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Irene Woodbury is a freelance writer based in Denver. Las Vegas was a favorite destination for travel stories, but she always felt the city would be the perfect setting for a novel. Four-and-a-half years and many visits later, A Slot Machine Ate My Midlife Crisis was finished.
The author has lived in a couple of the cities in her book, including Los Angeles, where she worked at the Los Angeles Times, IBM and Time Magazine, and Houston, where she graduated from the University of Houston in 1993. She also got married in Houston. Her husband, Richard, a retired Time Magazine correspondent, edited her novel.
Her travel stories have appeared in many newspapers, including the Washington Post, London Daily Telegraph, Los Angeles Times, Miami Herald, Toronto Star, and Nevada and The Affluent Traveler magazines. Of course, one of these days she just might take a trip that doesn’t include any kind of writing, but don’t hold your breath.
on June 04, 2017 :
Pop-Out Girl will appeal to fans of women's fiction who look for stories of feisty females in difficult situations and provides the realistic story of a couple challenged when an ex-boyfriend leaves prison and begins stalking them. Jealousy and its dangerous course is one of the primary themes of the story as Jen and Colton face a dangerous convict who still has the idea that Jen is his girlfriend, despite obvious indicators otherwise - and who has no intention of letting her go.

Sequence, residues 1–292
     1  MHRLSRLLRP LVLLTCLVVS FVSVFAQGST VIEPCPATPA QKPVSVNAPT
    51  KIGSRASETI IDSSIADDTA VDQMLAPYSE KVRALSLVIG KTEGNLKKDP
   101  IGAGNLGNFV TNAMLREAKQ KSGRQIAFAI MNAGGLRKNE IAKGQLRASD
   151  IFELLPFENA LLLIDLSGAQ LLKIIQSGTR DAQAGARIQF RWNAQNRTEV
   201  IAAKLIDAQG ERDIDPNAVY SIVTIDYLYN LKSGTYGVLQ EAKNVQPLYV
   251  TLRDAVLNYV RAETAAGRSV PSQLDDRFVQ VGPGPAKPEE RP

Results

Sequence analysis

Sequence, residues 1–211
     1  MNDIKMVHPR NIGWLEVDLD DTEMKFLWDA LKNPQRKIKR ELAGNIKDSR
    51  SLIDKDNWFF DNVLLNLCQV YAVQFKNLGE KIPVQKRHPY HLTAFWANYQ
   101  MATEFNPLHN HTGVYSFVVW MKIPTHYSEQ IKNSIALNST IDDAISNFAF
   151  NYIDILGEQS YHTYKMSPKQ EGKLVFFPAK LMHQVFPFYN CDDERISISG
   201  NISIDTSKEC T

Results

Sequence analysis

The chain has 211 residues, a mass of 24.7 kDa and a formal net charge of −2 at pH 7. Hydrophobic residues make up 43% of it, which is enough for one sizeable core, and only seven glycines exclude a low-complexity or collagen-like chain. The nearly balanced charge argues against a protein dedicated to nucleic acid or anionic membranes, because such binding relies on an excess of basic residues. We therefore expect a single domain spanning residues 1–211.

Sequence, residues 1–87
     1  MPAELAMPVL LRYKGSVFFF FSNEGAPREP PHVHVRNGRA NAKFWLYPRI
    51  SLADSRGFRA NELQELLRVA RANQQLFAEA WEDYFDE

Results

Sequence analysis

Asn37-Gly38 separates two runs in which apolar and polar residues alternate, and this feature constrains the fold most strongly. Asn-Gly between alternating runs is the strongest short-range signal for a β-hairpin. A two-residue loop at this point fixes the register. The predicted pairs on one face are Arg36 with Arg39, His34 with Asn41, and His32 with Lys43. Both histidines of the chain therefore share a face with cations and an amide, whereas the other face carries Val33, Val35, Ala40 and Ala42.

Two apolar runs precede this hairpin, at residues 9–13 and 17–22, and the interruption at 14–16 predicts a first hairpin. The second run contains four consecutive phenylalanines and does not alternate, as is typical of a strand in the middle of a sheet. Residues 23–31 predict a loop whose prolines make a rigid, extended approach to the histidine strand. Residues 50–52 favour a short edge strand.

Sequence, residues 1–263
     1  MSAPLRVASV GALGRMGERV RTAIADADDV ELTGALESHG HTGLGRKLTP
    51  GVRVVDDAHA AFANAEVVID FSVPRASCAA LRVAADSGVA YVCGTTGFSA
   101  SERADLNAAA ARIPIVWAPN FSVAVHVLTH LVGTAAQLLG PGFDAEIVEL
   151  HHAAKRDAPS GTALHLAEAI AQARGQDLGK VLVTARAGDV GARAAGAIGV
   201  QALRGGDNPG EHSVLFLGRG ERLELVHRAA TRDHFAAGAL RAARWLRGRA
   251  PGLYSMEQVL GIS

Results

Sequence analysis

As violent encounters escalate and drag innocents into Zane's quest to regain his position in Jen's life, Jen faces difficult decisions that test her resolve, her future, and her inclination to view the world through the eyes of an optimistic romantic.
Jen's career, also shelved, was serving as a 'pop-out girl': one who emerges from giant cakes to then sing, dance, and provide a stripper show for special events. This theme - of emergence, daring, and putting on a display - pops up through the story, which foregoes a slow build-up in favor of a vivid kidnapping scene and just keeps escalating from there.
Jen's perspective isn't the only focus to this story: Jen's mother Brandi, who is a cocktail waitress, faces the fact that her first love from long ago, Jen's father, has also inadvertently become part of Zane's dangerous spree, and her involvement and perspective are also developed as one of the strong threads connecting family and love.
From how Jen squeezed a romance with Colton into her busy career as a pop-up girl to the terrors of being stalked by a relentless ex with murderous intentions on his mind, Pop-Out Girl excels in interconnected subplots and in capturing a winning background filled with the glitz and glamour of its Vegas setting.
There were a few lapses in punctuation, for example, a period left off the end of a sentence ending with quotation marks. But these instances do not detract from the overall plot.
Women who look for realistic, powerful stories of love and survival, jealousy and confrontation, and change will find Pop-Out Girl a winning leisure choice that probes troubled relationships, alienation, and the long and rocky path to home.
(reviewed 3 days after purchase)